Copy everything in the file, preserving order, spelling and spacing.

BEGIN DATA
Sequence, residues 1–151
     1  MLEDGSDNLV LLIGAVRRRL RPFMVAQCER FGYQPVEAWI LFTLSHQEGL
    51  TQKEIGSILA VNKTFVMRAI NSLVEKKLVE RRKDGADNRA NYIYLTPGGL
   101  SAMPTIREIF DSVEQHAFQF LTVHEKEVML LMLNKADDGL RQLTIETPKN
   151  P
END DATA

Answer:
Sequence, residues 1–151
     1  MLEDGSDNLV LLIGAVRRRL RPFMVAQCER FGYQPVEAWI LFTLSHQEGL
    51  TQKEIGSILA VNKTFVMRAI NSLVEKKLVE RRKDGADNRA NYIYLTPGGL
   101  SAMPTIREIF DSVEQHAFQF LTVHEKEVML LMLNKADDGL RQLTIETPKN
   151  P